Dr. Paula Mckeehan and her students of the wildlife, sustainability, and ecosystem sciences department introduced a new way to bring healthy foods to Tarleton State University that will benefit students by teaching and feeding them.
Their solution was the “Sustainable teaching garden project.” The garden that is located behind the Fine Arts building began in 2014. They used the space behind the building to set up empty beds, and the garden has been an ongoing project with the department since then.
“We want students to come help with the produce and be educated on how it grows,” said Mckeehan.
The group grows vegetables such as lettuce, tomatoes, onions, and potatoes. They even grow mint leaves and herbs. Mckeehan uses those same plants and produce in her food lab classes.
The department encourages faculty, students, community members and everyone interested to participate in the garden project.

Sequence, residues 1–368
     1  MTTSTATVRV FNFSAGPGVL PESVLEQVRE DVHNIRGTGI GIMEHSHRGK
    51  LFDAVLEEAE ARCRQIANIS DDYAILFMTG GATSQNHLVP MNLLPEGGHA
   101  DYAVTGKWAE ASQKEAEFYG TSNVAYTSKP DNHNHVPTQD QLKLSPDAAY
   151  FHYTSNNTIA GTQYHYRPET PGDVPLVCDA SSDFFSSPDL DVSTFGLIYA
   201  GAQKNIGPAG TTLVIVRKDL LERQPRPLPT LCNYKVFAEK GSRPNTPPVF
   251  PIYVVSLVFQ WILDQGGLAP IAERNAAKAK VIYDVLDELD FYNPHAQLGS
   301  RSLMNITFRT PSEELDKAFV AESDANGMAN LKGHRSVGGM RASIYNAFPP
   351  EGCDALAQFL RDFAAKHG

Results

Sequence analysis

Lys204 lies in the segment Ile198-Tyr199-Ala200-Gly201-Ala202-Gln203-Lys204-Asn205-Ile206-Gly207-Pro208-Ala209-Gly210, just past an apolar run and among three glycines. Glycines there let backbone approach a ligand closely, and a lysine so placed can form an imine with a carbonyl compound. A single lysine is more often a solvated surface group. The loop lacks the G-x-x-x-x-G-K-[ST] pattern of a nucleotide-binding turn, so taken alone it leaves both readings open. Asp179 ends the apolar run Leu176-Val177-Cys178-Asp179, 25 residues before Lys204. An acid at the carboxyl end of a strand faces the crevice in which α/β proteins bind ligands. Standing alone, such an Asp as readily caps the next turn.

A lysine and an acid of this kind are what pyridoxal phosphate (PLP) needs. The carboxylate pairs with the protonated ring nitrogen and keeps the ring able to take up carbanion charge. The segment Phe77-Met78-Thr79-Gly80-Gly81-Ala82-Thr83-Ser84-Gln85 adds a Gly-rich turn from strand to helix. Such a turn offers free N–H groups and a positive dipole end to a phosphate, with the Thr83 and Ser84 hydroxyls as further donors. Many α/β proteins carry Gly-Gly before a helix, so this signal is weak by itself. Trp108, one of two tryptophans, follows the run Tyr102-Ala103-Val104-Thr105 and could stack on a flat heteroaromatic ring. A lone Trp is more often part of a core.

“Anyone in the university can help if they’d like,” Mckeehan said.
The garden project is also working with the campus food pantry by developing a recipe book that will explain how students can use the produce they take as ingredients.
Mckeehan aims to make the sustainable garden a part of student life and a dependable tool for students and faculty to utilize.
Mckeehan said, “Sustainable agriculture provides high quality food that meets people’s nutritional needs, minimizes environmental impact, offers economic opportunity and promotes vibrant communities.”